Parents today are bombarded by a huge amount of information about what they should and shouldn’t feed their child, which is often confusing and conflicting. There is even more to think about if children have food intolerances or if parents choose to follow vegetarian or vegan diets.
I strongly encourage parents not to compare their child’s diet with others on social media, at school or in their friendship groups. Instead, parents should trust their instincts (you know your child’s needs better than anyone else) and to go back to basics. The focus should be on providing a balanced diet, including plenty of fruit and veggies, and remembering that occasional treats are a must!
Children are like sponges, and the food habits they pick up as a child will often stick with them for life – that’s why the focus should be on balance, rather than restriction.
Making food fun and encouraging children to get involved in food preparation is another great way to help children develop healthy food habits. Bloss parents will be familiar with Annabel Karmel MBE, the UK’s No.1 children’s cookery author, who is also Gymfinity Kids Ambassador for Nourishment. Annabel is all about balance and has great advice for parents on how to make children’s food exciting, healthy and fun, and her recipes are fantastic for encouraging children to get involved with preparing their food.
Children’s development and the bigger picture
Development in the early years is crucial because it provides the building blocks for health and happiness throughout children’s lives. When thinking about children’s development, it is much more than their physical growth, how well they are doing at school or how quickly they reach certain milestones.
In my experience, children’s happiness, their resilience, ability to socialise and their mental health are all fundamental to a child’s development.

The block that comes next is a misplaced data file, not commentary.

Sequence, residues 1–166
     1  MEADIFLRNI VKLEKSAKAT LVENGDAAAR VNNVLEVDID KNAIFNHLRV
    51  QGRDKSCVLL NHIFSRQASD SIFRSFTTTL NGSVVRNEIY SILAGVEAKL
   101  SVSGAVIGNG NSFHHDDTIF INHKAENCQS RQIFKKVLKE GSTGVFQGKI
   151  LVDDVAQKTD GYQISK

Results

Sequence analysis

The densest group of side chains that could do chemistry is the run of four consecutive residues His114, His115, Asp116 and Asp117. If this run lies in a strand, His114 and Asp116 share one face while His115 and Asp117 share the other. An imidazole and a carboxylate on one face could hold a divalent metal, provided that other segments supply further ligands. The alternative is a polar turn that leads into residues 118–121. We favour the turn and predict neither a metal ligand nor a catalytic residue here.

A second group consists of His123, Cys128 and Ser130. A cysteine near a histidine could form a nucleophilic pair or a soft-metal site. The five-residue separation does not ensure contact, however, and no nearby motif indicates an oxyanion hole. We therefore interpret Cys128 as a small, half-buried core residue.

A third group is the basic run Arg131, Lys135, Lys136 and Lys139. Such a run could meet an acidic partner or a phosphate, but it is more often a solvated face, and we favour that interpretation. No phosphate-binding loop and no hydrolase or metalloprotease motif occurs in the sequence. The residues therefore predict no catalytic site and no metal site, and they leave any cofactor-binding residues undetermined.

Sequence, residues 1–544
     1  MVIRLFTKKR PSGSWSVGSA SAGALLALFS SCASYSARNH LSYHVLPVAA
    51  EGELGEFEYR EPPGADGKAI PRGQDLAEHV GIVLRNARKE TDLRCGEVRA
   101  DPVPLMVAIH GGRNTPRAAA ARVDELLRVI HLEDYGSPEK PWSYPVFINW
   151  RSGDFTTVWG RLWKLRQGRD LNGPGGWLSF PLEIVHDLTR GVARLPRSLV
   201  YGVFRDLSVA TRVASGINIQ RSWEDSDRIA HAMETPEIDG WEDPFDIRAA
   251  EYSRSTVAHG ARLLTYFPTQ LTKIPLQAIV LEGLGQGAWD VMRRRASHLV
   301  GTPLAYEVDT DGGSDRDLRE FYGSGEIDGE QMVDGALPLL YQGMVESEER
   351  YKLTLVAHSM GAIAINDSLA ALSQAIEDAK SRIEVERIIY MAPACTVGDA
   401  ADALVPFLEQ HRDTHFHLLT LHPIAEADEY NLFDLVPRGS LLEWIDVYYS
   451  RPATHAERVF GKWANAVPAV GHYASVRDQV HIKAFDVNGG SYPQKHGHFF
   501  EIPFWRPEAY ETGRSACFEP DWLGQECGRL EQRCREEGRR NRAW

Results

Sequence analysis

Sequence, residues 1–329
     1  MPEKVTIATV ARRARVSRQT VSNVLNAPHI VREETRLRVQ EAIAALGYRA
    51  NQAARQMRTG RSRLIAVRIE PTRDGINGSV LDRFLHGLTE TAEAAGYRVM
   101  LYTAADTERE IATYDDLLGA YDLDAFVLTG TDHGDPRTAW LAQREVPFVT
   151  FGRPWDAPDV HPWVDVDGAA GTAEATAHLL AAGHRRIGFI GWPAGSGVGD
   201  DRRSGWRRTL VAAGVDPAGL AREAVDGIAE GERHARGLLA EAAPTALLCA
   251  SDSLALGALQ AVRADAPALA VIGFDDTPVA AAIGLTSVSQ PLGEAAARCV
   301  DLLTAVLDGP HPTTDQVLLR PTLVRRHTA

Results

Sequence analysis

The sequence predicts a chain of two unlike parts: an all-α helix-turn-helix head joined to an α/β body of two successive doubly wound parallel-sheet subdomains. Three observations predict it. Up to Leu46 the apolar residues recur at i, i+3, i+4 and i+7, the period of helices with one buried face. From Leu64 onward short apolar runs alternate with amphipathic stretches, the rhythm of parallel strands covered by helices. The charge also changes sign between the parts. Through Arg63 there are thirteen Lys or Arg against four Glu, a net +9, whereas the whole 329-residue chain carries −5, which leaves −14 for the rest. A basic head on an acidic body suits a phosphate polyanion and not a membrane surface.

And because every child develops differently, and at a different pace, their “milestones” should be unique to them too. One of the best ways that parents can monitor their child’s development and encourage them to grow is by creating personal goals for each child, rather than making comparisons with peers or siblings.
For example, that could be setting your child a goal of reading for 10 minutes before bed each night, rather than focussing too much on their reading age. Or aiming to be active for 60 minutes each day, whatever that activity involves, instead of focussing on the perceived “success” of that activity.
At Gymfinity Kids, our aim is to lay the foundations for a happier, healthier nation. All gymnastics, Ninja Knights and pre-school classes are designed to suit all abilities, with the dual objectives of progression and fun in equal measure.
Gymfinity Kids has the broadest variety of classes in the industry – in terms of skills, abilities and age groups – which means that coaches can tailor a progression pathway for any child. Structuring classes in this way means children progress at their own speed, are rewarded for their individual successes and along the way they become more resilient, confident and independent.
Happier and healthier children
As a parent myself, I know it’s easy to get bogged down in information overload and it’s not possible to tick all of the right boxes all of the time. This is why Gymfinity Kids’ three pillar approach is so brilliant as it supports children’s overall wellbeing in an easy-to-follow way.
If parents are worried about their child’s development, the best thing to do is, of course, talk to their GP. But I also feel very passionately about encouraging parents to view milestones as loose guidelines, rather than a rule book, and to trust their instincts. By taking some of the pressure off and encouraging children to enjoy adopting healthy habits from an early age, I hope these habits will stay with them for life.
About Dr Ellie Cannon
Dr Ellie Cannon is a practicing GP and medical health expert, specialising in family health. She is the GP for the Mail on Sunday where she writes weekly health pages that also appear on the Mail Online. She has authored books on mental health and parenting and is celebrated as a myth-buster and voice of sense within health and wellbeing. Dr Ellie joined Gymfinity Kids as Ambassador for Development in July 2021.
About Gymfinity Kids: https://www.youtube.com/watch?v=kYbc1t5yo1M